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Nutrition and Sleep: Achieving Optimal Athletic Performance

  • 3 min read

Are You Getting Enough ZZZ’s?

The relationship between sleep, performance and recovery can be looked at in terms of three key factors that affect the restorative outcome. The amount of sleep you get each night plays a huge role in your recovery and performance but there are two other factors that are just as important – the quality of your sleep and the circadian timing of sleep. If the balance between these are disrupted then you’re more at risk for an injury, impaired protein synthesis (AKA building muscle), and compromised recovery.  

Barriers to Adequate Sleep

There are a multitude of things that could be hindering your ability in getting adequate sleep. Some of these things include over-training, sleep disorders like insomnia or sleep apnea, restless leg syndrome, and poor sleep hygiene. You may not have control over a medical condition, but implementing a sleep hygiene routine is something that is in your control. 

It is Time for You to Start a Sleep Hygiene Routine!

Healthy, adequate sleep requires training – just like how you are training for endurance or strength. As you start to incorporate a sleep routine you will start to create habits that will optimize your sleep patterns. 

Sleep Hygiene Recommendations:

  1. Don’t go to bed until you are sleepy. If you aren’t sleepy, get out of bed and do something else until you become sleepy.
  2. Regular bedtime routines/rituals help you relax and prepare your body for bed (reading, warm bath, etc.).
  3. Try to get up at the same time every morning (including weekends and holidays).
  4. Try to get a full night’s sleep every night and avoid naps during day if possible (if you nap, limit to 1 hour and avoid nap after 3 pm).
  5. Use the bed for sleep and intimacy only; not for any other activities such as TV, computer or phone use, etc.
  6. Avoid caffeine if possible (if must use caffeine, avoid after lunch).
  7. Avoid alcohol if possible (if must use alcohol, avoid right before bed).
  8. Do not smoke cigarettes or use nicotine, ever.
  9. Consider avoiding high-intensity exercise right before bed (extremely intense exercise may raise cortisol, which impairs sleep).
  10. Make sure bedroom is quiet, as dark as possible, and a little on the cool side rather than warm (like a cave).

The Relationship Between Sleep and Nutrition

Your training regimen is only one factor in optimal performance. Many experts will argue that there are three pillars of health which include diet, exercise, and sleep. If you ignore one of these, the other two will suffer. Folks who are sleep deprived may have suboptimal performance and are more likely to ditch their meal plan. It is critically important to optimize all three pillars for overall performance and recovery.

Research has found that nutrition interventions could positively impact sleep. There are several neurotransmitters (AKA brain chemicals) that are involved in the sleep-wake cycle. And research has found that certain nutrients act on these neurotransmitters by creating more or helping them function. The term ‘Chrononutrition’ has been used to describe the interaction between food and the circadian system.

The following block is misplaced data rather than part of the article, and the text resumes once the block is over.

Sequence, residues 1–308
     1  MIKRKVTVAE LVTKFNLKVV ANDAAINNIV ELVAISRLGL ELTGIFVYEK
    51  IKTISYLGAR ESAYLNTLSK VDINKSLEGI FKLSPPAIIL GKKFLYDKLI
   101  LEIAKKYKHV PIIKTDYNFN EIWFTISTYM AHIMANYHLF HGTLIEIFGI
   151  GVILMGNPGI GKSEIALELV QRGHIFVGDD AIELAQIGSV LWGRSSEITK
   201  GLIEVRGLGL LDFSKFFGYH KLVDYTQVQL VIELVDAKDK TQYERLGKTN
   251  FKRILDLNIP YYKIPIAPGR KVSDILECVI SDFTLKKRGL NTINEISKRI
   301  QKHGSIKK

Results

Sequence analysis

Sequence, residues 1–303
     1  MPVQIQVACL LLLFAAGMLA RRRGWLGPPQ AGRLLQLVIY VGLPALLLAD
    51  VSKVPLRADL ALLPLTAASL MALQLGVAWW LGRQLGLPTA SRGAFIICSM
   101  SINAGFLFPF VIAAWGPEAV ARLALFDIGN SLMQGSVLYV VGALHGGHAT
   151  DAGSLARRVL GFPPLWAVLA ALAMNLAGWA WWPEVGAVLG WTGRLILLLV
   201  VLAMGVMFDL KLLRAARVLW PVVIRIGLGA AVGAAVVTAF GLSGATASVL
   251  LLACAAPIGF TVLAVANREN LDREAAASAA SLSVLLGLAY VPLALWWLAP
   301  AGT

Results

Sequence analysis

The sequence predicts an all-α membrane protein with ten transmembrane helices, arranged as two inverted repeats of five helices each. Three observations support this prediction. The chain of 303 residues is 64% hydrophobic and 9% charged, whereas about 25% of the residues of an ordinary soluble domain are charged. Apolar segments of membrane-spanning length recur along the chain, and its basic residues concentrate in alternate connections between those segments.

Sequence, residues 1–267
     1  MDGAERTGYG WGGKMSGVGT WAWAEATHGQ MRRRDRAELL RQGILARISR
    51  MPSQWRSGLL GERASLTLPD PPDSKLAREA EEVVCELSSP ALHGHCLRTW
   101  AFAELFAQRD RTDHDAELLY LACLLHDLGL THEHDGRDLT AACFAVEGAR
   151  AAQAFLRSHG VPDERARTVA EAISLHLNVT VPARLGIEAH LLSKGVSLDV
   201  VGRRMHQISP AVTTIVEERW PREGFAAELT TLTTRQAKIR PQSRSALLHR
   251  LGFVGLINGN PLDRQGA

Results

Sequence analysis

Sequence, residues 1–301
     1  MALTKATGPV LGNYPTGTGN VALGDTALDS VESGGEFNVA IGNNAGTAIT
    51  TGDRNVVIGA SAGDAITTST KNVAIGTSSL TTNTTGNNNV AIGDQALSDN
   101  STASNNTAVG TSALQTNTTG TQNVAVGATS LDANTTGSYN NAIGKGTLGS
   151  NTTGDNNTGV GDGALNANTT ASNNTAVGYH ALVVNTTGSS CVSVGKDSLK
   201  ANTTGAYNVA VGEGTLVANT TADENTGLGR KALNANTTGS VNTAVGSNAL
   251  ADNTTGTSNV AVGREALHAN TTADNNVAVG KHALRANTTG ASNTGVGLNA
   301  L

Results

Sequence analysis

Getting by with a little help from your nutrients!

  • Carbohydrates: consumption of carbohydrates helps promote the synthesis of melatonin. A high-carbohydrate dinner will help you get to sleep faster compared to a low or no carbohydrate dinner.
  • Melatonin: 1-3 mg of melatonin enhances sleep quality and duration. There appears to be no added benefit to doses >3 mg.
  • Tryptophan rich protein: tryptophan is an essential amino acid (smallest form of protein) that is a precursor to serotonin and melatonin. Sources of tryptophan include milk, turkey, chicken, fish, eggs, pumpkin seeds, beans, peanuts, cheese and leafy green vegetable. Consumption of tryptophan rich protein (milk) could affect changes in core temperature improving sleep quality.
  • Antioxidants: boost immunity and reduce acute and chronic inflammation during periods of increased training load and competition.Antioxidant consumption may influence recovery from exercise but may also influence sleep. Sources of antioxidants include vitamin C, vitamin E and vitamin A – which are all primarily found in fruits and vegetables. 
  • Tart Cherries: contain high concentrations of melatonin and high concentrations of both antioxidants and anti-inflammatory properties. Two servings of 30 mL concentrate have been shown to enhance sleep duration and quality. 
  • Kiwifruit: contain a range of nutrients that can benefit sleep, health and recovery including serotonin, vitamin C, vitamin E, vitamin K, folate, potassium and copper.A study involving self-reported sleep disturbance demonstrated consumption of two kiwifruit one hour before bedtime for four weeks significantly improved total sleep duration.
  • Magnesium: may enhance melatonin secretion promoting sleep onset. 

 

Resources

Vitale KC, Owens R, Hopkins SR, Malhotra A. Sleep Hygiene for Optimizing Recovery in Athletes: Review and Recommendations. Int J Sports Med. 2019;40(8):535–543. doi:10.1055/a-0905-3103

Doherty R, Madigan S, Warrington G, Ellis J. Sleep and Nutrition Interactions: Implications for Athletes. Nutrients. 2019; 11(4):822.

https://journals.lww.com/acsm-csmr/fulltext/2017/11000/sleep_and_athletic_performance.11.aspx

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